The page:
The foregoing description of the preferred embodiments of the invention are intended to be illustrative and not exhaustive. Many variations of the disclosed inventions are possible in light of the present disclosure, and it is intended that such variations within the skill of those familiar with this art are included within the scope of the following claims.

Patent Citations
Cited PatentFiling datePublication dateApplicantTitle
US3888818 *Sep 7, 1973Jun 10, 1975SolvayThermal stabilization of vinyl resins with derivatives of alpha-phenylindole
US3932415 *Aug 20, 1973Jan 13, 1976Eastman Kodak CompanyPyrylium dyes having a fused rigidized nitrogen-containing ring
US4622400 *Dec 29, 1983Nov 11, 1986The United States Of America As Represented By The United States Department Of EnergyPreparation of certain m-aminophenols and the use thereof for preparation of laser dyes
JPS63211264A * Title not available
Non-Patent Citations
Reference
1 *1990 American Chemical Society Database Search listing 10 references, 15 pages.
2Hideo Tanaka, et al., "A Facile Synthesis of 4-Hydroxy-and 4-Aminoindoles Through Corresponding Indolines", The Chemical Society of Japan, 1989; vol. 62, No. 11, pp. 3742-3744.
3 *Hideo Tanaka, et al., A Facile Synthesis of 4 Hydroxy and 4 Aminoindoles Through Corresponding Indolines , The Chemical Society of Japan, 1989; vol. 62, No. 11, pp. 3742 3744.
4Jutta Arden, et al., "Fluorescence and Lasing Properties of Rhodamine Dyes", Journal of Luminescence 48 & 49 (1991) pp. 352-358.
5 *Jutta Arden, et al., Fluorescence and Lasing Properties of Rhodamine Dyes , Journal of Luminescence 48 & 49 (1991) pp. 352 358.
6R. R. Hunt, et al., "A New Synthesis of Methoxyindoles", J. Chem. Soc. (C), 1966, pp. 344-345.
7 *R. R. Hunt, et al., A New Synthesis of Methoxyindoles , J. Chem. Soc. (C), 1966, pp. 344 345.
Referenced by
Citing PatentFiling datePublication dateApplicantTitle
US5750409 *May 30, 1995May 12, 1998Boehringer Mannheim GmbhPentacyclic compounds and their use as absorption or fluorescent dyes
US6017712 *Nov 12, 1998Jan 25, 2000Lee; Linda4,7-dichlororhodamine dyes
US6025505 *Mar 10, 1998Feb 15, 2000The Perkin-Elmer Corporation4,7-Dichlororhodamine dyes
US6713622May 25, 2000Mar 30, 2004Applera Corporation4,7-dichlororhodamine dye labeled polynucleotides
US7550570Feb 26, 2004Jun 23, 2009Applied Biosystems, Llc.4,7-dichlororhodamine dyes labeled polynucleotides
US8541404Nov 3, 2010Sep 24, 2013Elexopharm GmbhInhibitors of the human aldosterone synthase CYP11B2
US8685960May 5, 2009Apr 1, 2014Elexopharm Gmbh6-pyridin-3-yl-3,4-dihydro-1h-quinolin-2-one derivatives and related compounds as inhibitors of the human aldosterone synthase CYP11B2
US20050112781 *Feb 26, 2004May 26, 2005Lee Linda G.4,7-dichlororhodamine dyes labeled polynucleotides
US20090093623 *Aug 27, 2008Apr 9, 2009Applied Biosystems Inc.4,7-dichlororhodamine dyes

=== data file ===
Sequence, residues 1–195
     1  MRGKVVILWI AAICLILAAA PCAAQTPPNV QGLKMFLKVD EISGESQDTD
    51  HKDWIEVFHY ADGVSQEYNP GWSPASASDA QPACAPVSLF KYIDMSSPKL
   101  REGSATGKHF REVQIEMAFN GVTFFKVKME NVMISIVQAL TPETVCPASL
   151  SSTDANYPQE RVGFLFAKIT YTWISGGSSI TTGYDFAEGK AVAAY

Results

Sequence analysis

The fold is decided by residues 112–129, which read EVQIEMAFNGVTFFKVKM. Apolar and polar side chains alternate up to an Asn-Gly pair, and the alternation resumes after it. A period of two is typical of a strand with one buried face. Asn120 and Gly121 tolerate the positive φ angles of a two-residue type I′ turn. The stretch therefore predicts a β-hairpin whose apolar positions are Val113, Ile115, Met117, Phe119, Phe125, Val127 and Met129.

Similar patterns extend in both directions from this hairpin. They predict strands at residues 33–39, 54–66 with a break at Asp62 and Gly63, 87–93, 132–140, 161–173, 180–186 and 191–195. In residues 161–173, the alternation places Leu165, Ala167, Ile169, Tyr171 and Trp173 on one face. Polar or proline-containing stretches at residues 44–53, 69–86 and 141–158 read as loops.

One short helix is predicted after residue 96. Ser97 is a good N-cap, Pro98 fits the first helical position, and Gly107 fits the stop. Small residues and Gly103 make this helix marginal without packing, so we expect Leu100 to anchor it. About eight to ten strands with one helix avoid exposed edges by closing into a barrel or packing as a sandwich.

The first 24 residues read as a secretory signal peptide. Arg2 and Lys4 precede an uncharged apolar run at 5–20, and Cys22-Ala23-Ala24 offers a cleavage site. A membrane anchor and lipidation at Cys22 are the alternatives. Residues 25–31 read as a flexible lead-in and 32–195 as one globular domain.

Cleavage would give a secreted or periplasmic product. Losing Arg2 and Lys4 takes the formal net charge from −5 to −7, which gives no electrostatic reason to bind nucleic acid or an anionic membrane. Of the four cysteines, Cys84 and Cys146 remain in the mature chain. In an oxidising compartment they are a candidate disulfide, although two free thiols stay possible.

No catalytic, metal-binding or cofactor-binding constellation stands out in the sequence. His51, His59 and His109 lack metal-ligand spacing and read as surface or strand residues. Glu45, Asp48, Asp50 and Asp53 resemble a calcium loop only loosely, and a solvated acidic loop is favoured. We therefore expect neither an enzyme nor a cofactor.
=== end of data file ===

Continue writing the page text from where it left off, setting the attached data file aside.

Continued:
US20110112067 *Nov 3, 2010May 12, 2011Universitat Des SaarlandesInhibitors of the Human Aldosterone Sythase CYP11B2
CN102346370A *Jul 25, 2011Feb 8, 2012Jsr株式会社Coloring composition, color filter and display element
CN102838578A *Jun 21, 2012Dec 26, 2012住友化学株式会社Salt and coloring curing combination
CN102838578B *Jun 21, 2012Mar 16, 2016住友化学株式会社盐及着色固化性组合物
CN102924962A *Nov 27, 2012Feb 13, 2013华东理工大学Method for preparing novel rhodamine laser dye
DE102007004523A1Jan 24, 2007Jul 31, 2008Henkel Ag & Co. KgaaTwo-piece packaging, particularly for receiving free flowing washing or cleaning agents, comprises folded box with base, body and closure, where base and body are formed volumes for receiving product, which is lockable by closure
DE102007007591A1Feb 13, 2007Aug 14, 2008Henkel Ag & Co. KgaaBehälter
DE102007034867A1Jul 24, 2007Jan 29, 2009Henkel Ag & Co. KgaaZweiteiliges Verpackungsmittel mit verstärktem Boden
DE102008022221A1May 6, 2008Nov 12, 2009Universität des SaarlandesInhibitoren der humanen Aldosteronsynthase CYP11B2
Classifications
U.S. Classification548/469, 548/508
International ClassificationC07D209/08, C07D491/14
Cooperative ClassificationC07D491/14, C07D209/08
European ClassificationC07D209/08, C07D491/14
Legal Events
DateCodeEventDescription
Jan 25, 1993ASAssignment
Owner name: UNITED STATES OF AMERICA, THE, AS REPRESENTED BY T
Free format text: ASSIGNMENT OF ASSIGNORS INTEREST.;ASSIGNORS:FIELD, GEORGE F.;HAMMOND, PETER R.;REEL/FRAME:006399/0582
Effective date: 19920522
Jan 28, 1997FPAYFee payment
Year of fee payment: 4
Aug 17, 1998ASAssignment
Owner name: UNITED STATES ENRICHMENT CORPORATION, A DELAWARE C
Free format text: MERGER;ASSIGNOR:UNITED STATES ENRICHMENT CORPORATION, A UNITED;REEL/FRAME:009414/0785
Effective date: 19980728
Owner name: UNITED STATES ENRICHMENT CORPORATION, MARYLAND
Free format text: ASSIGNMENT OF ASSIGNORS INTEREST;ASSIGNOR:ENERGY, DEPARTMENT OF, THE GOVERNMENT OF THE UNITED STATES OF AMERICA AS REPRESENTED BY;REEL/FRAME:009396/0020
Effective date: 19980618
Feb 2, 2001FPAYFee payment
Year of fee payment: 8
May 12, 2005REMIMaintenance fee reminder mailed
Oct 26, 2005LAPSLapse for failure to pay maintenance fees
Dec 20, 2005FPExpired due to failure to pay maintenance fee
Effective date: 20051026